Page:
Welcome to my blog. My name is Susan Lulic Enholm. I will post poetry, short-short stories, photography, and travel experiences. The category Butterfly Wings will contain those incidental pieces that happen to float by and need a place to land.
First impressions — the city center plaza of Jackson Hole reminded me of Santa Fe. Western art galleries, shops ’til you drop, and restaurants line the square and trail along the side streets. Tourists love the place. In winter elk do, too. They live outside of town on the vast National Elk Refuge. To get started we drove straight to the visitor’s center for information and maps. Our list of places to see — National Museum of Wildlife Art, Grand Teton National Park, the Laurance S. Rockefeller Preserve, Teton Village tram ride, and the byways that took us away from the main road.
Snowmelt cut our Snake River float trip time in half. The water raced along carrying logs, branches, and debris. Eagles, herons, pelicans, and beavers didn’t seem to notice the high water and flooded riverbanks. On our fifth and final day we returned to an old favorite, Yellowstone and the Hayden Valley.
Richard and I put together a last minute trip that turned out great. (Almost as great as my Arts High School senior class trip from Newark to D.C. The girls dressed up and wore high-heeled shoes. Oh, I remember the pain of walking for hours in 3-inch heels.) These many years later, I still had an issue. Since I didn’t bring my dog-walking shoes, my feet barked long and loud. On the plus side, our hotel was the right choice. We stayed at the Fairfield Inn and Suites on H Street, Chinatown – our appetite for sashimi, saki, and rainbow rolls was satisfied within a few easy blocks.
Our five days covered the Woodrow Wilson House, the Library of Congress, the Newseum (ticket is good for two days), and the Lincoln Memorial. We walked the Mall, watched squirrels scamper in the leaves, and took a 2-hour Sunday tour of Georgetown with Dwane Starlin. We spent hours the National Museum of the American Indian. We stood in line for ninety minutes to visit the National Museum of African American History and Culture. (Good luck with that! See my comments on Trip Advisor.) On a rainy Tuesday we did the not-to-be-missed East Building of the National Gallery of Art. The building opened in September and added 12,250 sq. feet of new exhibition space. A movable walkway connects the new space with the West Building.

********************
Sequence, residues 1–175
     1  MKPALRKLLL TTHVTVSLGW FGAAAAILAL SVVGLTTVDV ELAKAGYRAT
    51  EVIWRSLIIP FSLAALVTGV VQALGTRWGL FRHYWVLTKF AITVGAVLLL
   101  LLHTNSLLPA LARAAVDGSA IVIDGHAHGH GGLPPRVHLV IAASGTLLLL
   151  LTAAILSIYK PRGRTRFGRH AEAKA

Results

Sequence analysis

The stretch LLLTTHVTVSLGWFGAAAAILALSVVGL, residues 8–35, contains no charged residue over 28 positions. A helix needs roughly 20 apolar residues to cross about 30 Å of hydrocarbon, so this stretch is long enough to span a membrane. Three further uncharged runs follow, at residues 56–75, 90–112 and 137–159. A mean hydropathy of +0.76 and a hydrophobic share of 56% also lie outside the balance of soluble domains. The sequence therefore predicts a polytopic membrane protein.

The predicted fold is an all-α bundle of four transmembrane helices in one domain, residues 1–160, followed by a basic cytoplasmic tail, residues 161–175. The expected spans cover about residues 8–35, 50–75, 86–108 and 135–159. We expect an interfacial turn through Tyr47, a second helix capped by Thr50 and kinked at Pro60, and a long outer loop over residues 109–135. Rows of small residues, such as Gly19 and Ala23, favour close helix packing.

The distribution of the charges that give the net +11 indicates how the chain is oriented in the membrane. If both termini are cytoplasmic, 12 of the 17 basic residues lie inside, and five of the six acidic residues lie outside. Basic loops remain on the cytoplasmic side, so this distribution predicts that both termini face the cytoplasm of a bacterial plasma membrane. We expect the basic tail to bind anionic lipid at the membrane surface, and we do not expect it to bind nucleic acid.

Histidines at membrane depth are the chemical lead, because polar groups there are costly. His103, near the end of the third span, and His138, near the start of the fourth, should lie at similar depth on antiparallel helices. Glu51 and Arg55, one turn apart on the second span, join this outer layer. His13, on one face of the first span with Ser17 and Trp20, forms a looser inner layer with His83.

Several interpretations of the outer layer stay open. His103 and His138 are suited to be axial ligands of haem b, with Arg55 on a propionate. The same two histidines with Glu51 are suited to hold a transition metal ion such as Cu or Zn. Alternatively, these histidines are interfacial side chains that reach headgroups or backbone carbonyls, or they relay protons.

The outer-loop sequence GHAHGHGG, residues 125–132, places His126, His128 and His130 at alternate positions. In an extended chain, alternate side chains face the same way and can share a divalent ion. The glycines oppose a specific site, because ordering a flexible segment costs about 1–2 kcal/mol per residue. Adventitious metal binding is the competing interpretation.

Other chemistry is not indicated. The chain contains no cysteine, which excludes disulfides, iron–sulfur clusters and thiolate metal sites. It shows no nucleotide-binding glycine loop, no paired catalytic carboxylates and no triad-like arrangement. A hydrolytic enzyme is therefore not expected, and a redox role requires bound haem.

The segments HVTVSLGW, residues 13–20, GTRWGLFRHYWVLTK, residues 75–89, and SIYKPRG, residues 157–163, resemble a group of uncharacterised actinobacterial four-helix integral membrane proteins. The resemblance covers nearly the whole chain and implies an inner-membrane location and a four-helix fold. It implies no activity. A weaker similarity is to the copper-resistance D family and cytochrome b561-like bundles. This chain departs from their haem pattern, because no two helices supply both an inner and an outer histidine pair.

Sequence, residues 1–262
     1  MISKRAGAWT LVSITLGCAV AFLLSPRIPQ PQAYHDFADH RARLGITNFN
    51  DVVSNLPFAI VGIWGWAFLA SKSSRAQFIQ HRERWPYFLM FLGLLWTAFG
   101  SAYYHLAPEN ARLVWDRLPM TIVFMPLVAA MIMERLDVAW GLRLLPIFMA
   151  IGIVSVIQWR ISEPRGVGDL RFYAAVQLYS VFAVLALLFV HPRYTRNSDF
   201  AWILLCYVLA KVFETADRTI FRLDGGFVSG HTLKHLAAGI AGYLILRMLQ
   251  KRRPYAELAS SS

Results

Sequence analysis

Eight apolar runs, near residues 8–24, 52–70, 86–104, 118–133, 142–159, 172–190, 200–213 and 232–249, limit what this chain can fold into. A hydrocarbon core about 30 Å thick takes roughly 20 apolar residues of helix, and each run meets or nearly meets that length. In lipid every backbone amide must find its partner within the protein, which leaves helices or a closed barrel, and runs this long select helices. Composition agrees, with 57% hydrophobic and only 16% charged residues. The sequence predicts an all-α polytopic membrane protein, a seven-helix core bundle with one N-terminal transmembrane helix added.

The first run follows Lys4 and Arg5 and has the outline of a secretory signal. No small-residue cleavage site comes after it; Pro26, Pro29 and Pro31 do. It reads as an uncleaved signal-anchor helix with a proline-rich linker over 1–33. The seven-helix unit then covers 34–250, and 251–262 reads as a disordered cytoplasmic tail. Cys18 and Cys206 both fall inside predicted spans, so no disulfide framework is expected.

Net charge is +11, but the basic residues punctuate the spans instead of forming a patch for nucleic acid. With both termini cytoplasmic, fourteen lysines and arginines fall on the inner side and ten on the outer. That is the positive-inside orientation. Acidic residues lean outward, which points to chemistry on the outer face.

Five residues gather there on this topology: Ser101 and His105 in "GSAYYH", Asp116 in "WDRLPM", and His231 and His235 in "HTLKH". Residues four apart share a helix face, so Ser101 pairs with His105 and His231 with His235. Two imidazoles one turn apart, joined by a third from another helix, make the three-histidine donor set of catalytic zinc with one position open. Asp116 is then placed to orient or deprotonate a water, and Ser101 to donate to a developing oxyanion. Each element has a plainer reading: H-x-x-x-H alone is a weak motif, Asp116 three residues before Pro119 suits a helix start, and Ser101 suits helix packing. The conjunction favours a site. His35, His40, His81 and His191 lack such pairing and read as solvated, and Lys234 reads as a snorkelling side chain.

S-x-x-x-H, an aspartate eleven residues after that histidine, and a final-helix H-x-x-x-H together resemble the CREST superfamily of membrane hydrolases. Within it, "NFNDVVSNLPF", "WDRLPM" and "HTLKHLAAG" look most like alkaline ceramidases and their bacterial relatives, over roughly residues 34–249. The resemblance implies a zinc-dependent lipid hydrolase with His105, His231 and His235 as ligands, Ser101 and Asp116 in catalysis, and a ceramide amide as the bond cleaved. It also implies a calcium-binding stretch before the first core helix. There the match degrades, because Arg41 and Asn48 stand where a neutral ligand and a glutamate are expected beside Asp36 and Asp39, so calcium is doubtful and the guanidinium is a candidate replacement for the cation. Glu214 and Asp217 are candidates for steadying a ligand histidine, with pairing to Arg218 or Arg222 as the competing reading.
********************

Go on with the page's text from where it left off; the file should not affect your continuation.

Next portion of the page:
I took photos of the quirky, the creative, and the somber. The internet has a zillion pictures of D.C. places. My imagination tells me to consider the usual, but I’m more interested in the other.
The retail shops on Rue Saint-Jean (Bayeux, France) were closed when I stopped for a second look. Jean Paul’s quirky window display of nude mannequins hit a high note in creative merchandising. Up and down the street, signs offering discounts were plastered on store front windows. Mannequins were dressed – some wore shoes. Some wore hats. I hope I have the right retailing idea, start with a naked body and customers will want to see your merchandise. How’s that, Jean Paul?
My bumper sticker reads Don’t Believe Everything You Think. The internet attributes the words to lyrics in a Lee Brice song. Anyway, an old car in Bozeman, MT had those words stickered on the rear bumper. I was on my way to Yellowstone, and those words rang true for me. Let go of negative thoughts. Stop being judgmental and stop second-guessing. A woman in a Sam’s Club parking lot read the sticker and commented to her friend, “Jimmy should read that. It’s one frickin’ good sticker.” If only those words had reached George Bush before he attacked Iraq.